Another memory problem that strikes all of us is the “tip-of-the-tongue” phenomenon – forgetting a word, the name of a song or movie, or most often and at the worst of times, the name of a person.

Studies have found that in 97% of such cases, the word or name will suddenly come to mind later. While these experiences are normal at all ages, they are more common as we grow older.

Time and age

It is common that with the passage of time, memories naturally fade. Events and perceptions are often remembered with declining accuracy and detail, if not forgotten altogether. All that may finally remain of an experience is the notion that something happened.

There are a number of factors that appear to play a role in forgetting. Ageing is one, and indeed, forgetting is more common with ageing. But age does not affect all aspects of memory in the same way.

Increased forgetting of one’s general knowledge of the world and vocabulary does not usually show up until one’s 70s. But difficulty in recalling infrequently used names can begin after age 35.

By age 25, a gradual decline in spatial visualization skills begins. We become less adept at recognizing infrequently seen faces and finding one’s way to a familiar location from an unfamiliar direction.

Many studies comparing memory in healthy individuals of different ages show that older adults do not learn lists of words in a memory test as well as those who are younger.

However some psychologists suggest that the tests used to evaluate memory in the elderly are biased towards the young, and that under the right circumstances, the elderly can summon more memory reserves than the tests indicate.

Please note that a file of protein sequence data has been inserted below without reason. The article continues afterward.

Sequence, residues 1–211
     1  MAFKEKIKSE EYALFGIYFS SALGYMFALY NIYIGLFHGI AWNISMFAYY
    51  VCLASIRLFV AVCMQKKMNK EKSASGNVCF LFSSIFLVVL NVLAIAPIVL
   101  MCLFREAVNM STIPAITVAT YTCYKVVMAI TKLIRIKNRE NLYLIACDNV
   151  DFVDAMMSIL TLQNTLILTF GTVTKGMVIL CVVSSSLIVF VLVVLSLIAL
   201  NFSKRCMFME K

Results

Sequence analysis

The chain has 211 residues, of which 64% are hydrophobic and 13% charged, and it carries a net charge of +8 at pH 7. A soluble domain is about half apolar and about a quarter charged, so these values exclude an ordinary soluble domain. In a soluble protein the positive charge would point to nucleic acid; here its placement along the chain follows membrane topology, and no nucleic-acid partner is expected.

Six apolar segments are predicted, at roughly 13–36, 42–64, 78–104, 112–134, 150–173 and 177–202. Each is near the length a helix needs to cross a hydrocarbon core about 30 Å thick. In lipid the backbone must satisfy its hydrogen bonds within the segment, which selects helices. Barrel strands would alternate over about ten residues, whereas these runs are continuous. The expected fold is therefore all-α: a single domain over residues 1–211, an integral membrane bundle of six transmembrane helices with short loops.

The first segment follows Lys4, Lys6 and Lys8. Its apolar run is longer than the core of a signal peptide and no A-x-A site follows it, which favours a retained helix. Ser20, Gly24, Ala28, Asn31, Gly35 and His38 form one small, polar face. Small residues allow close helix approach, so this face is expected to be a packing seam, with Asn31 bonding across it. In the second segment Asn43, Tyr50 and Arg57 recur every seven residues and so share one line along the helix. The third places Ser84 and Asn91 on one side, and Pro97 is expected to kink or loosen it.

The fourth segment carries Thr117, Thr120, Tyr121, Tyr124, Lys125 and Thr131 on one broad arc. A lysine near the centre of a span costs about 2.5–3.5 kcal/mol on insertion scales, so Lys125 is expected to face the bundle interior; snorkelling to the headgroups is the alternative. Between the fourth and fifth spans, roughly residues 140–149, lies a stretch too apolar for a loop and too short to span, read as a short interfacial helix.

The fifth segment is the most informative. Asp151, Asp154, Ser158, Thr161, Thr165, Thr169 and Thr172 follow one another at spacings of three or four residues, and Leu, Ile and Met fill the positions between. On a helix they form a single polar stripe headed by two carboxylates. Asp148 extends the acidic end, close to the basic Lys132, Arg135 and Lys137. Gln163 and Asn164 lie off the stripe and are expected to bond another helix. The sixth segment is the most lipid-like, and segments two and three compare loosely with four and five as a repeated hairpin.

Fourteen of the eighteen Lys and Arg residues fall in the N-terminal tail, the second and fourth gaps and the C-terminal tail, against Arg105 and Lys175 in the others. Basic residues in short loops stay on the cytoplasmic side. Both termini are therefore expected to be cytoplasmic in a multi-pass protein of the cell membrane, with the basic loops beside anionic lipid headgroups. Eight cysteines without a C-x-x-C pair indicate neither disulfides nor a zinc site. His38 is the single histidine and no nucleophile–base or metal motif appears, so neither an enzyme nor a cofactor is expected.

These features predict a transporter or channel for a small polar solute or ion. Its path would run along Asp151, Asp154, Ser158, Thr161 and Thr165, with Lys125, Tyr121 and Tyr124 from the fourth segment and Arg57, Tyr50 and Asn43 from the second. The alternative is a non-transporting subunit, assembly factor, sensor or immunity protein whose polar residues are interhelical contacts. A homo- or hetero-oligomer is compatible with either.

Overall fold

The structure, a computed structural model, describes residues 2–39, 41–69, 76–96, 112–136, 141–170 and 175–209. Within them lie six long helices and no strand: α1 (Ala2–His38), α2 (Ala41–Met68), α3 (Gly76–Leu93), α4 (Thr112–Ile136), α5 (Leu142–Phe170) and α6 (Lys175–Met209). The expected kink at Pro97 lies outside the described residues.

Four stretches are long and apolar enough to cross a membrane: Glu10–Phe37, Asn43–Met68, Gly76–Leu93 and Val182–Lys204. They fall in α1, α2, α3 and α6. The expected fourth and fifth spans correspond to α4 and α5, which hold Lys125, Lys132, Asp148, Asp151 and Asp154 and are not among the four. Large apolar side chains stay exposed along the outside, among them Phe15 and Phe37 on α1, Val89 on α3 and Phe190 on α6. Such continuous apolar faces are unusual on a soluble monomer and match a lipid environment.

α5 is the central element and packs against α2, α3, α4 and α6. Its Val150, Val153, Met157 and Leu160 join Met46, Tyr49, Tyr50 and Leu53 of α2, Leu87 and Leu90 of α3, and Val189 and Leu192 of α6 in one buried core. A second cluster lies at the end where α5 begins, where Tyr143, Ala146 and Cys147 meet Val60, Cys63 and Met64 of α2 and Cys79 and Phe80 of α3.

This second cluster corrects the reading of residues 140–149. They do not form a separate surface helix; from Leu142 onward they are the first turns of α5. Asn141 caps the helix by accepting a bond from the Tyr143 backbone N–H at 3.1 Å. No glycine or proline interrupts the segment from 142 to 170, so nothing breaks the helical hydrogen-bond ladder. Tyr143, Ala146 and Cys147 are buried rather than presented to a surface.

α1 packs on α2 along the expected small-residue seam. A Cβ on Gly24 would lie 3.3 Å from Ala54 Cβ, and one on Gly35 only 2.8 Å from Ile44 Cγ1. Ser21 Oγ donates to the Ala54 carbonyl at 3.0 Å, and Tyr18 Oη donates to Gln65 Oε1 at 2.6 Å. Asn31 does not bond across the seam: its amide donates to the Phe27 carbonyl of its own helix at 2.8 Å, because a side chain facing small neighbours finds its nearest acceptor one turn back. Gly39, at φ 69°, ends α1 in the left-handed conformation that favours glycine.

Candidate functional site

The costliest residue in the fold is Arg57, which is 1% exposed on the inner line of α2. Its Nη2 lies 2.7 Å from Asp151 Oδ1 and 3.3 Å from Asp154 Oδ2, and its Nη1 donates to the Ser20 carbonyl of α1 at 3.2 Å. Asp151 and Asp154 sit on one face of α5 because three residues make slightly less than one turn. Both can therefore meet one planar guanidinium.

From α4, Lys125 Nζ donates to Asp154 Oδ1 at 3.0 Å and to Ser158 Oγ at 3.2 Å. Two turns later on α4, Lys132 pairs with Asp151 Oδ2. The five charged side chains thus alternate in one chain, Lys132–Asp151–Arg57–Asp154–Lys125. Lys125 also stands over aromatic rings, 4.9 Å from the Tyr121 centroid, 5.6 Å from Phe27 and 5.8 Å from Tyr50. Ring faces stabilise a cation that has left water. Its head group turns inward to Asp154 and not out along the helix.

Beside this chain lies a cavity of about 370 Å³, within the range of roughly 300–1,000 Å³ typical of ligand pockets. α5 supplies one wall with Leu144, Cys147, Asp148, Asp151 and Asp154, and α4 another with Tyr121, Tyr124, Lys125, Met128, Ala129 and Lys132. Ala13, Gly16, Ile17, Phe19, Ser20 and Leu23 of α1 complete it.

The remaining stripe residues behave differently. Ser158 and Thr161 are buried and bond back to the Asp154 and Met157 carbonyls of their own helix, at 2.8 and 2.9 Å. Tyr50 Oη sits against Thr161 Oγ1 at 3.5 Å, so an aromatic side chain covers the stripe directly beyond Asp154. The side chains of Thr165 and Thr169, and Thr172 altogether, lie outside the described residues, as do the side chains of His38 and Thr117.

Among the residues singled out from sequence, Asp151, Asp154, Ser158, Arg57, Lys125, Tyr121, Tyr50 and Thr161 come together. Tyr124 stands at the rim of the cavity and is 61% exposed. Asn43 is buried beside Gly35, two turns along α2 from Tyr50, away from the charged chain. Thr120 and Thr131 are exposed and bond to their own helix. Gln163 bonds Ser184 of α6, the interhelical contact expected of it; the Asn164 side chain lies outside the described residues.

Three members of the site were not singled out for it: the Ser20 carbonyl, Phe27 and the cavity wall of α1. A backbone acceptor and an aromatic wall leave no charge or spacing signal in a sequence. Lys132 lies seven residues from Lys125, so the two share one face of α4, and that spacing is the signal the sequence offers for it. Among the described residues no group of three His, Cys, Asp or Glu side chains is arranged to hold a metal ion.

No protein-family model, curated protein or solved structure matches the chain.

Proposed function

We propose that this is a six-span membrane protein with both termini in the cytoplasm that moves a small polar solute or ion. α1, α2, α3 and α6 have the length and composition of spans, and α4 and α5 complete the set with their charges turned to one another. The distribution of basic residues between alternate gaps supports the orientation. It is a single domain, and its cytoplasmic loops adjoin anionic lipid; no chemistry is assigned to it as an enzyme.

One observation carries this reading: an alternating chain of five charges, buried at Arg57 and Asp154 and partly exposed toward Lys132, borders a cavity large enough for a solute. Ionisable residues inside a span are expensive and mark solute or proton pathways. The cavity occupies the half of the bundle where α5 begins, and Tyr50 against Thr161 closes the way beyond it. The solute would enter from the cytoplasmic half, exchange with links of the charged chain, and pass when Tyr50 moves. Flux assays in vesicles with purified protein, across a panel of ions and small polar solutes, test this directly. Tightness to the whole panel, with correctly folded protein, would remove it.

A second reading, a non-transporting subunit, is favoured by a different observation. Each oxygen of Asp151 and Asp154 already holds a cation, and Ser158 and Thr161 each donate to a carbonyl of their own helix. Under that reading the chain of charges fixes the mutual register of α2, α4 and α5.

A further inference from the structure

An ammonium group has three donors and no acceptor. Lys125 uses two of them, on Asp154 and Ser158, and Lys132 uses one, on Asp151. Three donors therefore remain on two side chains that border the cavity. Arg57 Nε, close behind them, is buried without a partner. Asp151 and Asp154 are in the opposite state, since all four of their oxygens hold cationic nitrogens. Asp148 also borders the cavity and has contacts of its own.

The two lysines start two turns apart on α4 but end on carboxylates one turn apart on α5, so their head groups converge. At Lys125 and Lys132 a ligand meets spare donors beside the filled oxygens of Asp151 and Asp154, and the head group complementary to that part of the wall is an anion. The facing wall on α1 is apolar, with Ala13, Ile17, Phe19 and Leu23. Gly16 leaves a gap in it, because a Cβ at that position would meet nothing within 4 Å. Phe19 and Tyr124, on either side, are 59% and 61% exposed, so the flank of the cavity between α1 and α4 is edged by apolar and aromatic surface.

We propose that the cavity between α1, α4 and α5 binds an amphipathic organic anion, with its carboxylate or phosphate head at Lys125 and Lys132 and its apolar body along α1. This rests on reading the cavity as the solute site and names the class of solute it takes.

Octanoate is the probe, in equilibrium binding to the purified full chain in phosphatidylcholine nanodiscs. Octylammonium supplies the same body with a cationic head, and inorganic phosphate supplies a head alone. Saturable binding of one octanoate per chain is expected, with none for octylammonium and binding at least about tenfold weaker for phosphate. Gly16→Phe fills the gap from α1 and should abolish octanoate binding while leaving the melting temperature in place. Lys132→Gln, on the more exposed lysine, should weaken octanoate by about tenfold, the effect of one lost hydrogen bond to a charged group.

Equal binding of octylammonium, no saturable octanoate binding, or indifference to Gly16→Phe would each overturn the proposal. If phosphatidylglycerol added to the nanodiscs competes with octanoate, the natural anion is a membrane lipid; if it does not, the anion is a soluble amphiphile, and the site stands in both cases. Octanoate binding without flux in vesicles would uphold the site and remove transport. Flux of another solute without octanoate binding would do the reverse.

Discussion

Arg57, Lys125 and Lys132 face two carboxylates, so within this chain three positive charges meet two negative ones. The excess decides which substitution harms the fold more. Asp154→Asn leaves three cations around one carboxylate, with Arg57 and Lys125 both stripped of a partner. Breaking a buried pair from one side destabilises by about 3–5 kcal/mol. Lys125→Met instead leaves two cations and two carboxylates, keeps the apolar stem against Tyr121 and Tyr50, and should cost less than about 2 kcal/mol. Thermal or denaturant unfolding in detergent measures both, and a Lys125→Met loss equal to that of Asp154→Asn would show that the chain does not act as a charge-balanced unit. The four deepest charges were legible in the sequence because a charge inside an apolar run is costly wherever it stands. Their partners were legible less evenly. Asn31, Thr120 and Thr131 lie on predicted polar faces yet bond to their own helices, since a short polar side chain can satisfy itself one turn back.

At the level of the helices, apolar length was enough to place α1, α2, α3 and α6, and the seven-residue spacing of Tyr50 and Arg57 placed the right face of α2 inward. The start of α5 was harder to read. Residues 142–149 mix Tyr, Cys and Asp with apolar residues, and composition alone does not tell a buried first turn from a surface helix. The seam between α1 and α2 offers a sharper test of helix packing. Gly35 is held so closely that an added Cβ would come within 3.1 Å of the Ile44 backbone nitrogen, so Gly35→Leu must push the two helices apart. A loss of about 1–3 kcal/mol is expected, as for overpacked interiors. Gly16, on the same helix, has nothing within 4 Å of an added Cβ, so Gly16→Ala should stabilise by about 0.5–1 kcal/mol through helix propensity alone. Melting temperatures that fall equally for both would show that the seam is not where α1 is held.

In one study, residents of a nursing home scored higher on short term memory tests if given some simple reward as compared with residents who were not rewarded.

In another study, tests for recalling word lists and stories were given to individuals in their 30s, 40s, and 50s in 1978 and then again in 1994. In 1978, the 30s group performed better on both tests than the 50s group.

When tested again in 1994, people who were in their 50s in 1978 did less well in both tests than they did in 1978. Those who were in their 30s in 1978 did less well only on the story recall test.

Even though there was more memory decline in the 60s and 70s groups, about 20% of 70 year olds were still able to memorize word lists as well as college students.

Choose to forget?

Some studies suggest that whenever a long term memory is recalled, it becomes fragile and subject to be changed or erased. Why should this be?

The researchers believe that for a retrieved memory to be preserved, it must undergo a re-storage process called reconsolidation, which is similar to the process that created the memory in the first place.

Reconsolidation takes place over a few hours, during which various factors may interfere with the process and lead to loss of that particular memory. This finding has significance for psychotherapy, for example in the treatment of post-traumatic stress disorder (PTSD) or anxiety conditions.

For affected individuals, certain triggers induce recall of a traumatic, unwanted memory that they have difficulty forgetting. If a way can be found to interfere with the reconsolidation process, it may be possible to sufficiently disrupt a particular memory to lessen its effects or even eliminate it.


Miller, G (2004) Learning to forget. Science 304:34-36

Steinberg, D (2004) When remembering might mean forgetting. The Scientist 18: 17-22

Nader, K (2003) Re-recording human memories. Nature 425:571-572

Elias, M (1992) When to worry about forgetting. Harvard Health Letter 17: 1-3

Schacter, DL (2001) The seven sins of memory. Houghton Mifflin Company Boston, New York